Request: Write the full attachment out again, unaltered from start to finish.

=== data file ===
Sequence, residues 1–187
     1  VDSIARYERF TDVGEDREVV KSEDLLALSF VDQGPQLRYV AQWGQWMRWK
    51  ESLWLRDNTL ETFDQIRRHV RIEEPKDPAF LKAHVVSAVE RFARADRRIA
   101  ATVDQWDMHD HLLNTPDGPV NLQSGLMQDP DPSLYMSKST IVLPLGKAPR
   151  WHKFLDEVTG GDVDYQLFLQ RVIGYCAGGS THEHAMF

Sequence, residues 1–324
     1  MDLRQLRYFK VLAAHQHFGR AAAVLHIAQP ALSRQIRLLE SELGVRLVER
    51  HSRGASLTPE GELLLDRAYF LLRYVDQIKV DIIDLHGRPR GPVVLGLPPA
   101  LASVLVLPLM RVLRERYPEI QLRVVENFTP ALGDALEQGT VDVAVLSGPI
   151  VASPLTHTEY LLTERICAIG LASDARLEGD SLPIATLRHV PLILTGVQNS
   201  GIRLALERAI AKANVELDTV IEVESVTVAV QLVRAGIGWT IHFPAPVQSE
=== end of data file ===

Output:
Sequence, residues 1–187
     1  VDSIARYERF TDVGEDREVV KSEDLLALSF VDQGPQLRYV AQWGQWMRWK
    51  ESLWLRDNTL ETFDQIRRHV RIEEPKDPAF LKAHVVSAVE RFARADRRIA
   101  ATVDQWDMHD HLLNTPDGPV NLQSGLMQDP DPSLYMSKST IVLPLGKAPR
   151  WHKFLDEVTG GDVDYQLFLQ RVIGYCAGGS THEHAMF

Sequence, residues 1–324
     1  MDLRQLRYFK VLAAHQHFGR AAAVLHIAQP ALSRQIRLLE SELGVRLVER
    51  HSRGASLTPE GELLLDRAYF LLRYVDQIKV DIIDLHGRPR GPVVLGLPPA
   101  LASVLVLPLM RVLRERYPEI QLRVVENFTP ALGDALEQGT VDVAVLSGPI
   151  VASPLTHTEY LLTERICAIG LASDARLEGD SLPIATLRHV PLILTGVQNS
   201  GIRLALERAI AKANVELDTV IEVESVTVAV QLVRAGIGWT IHFPAPVQSE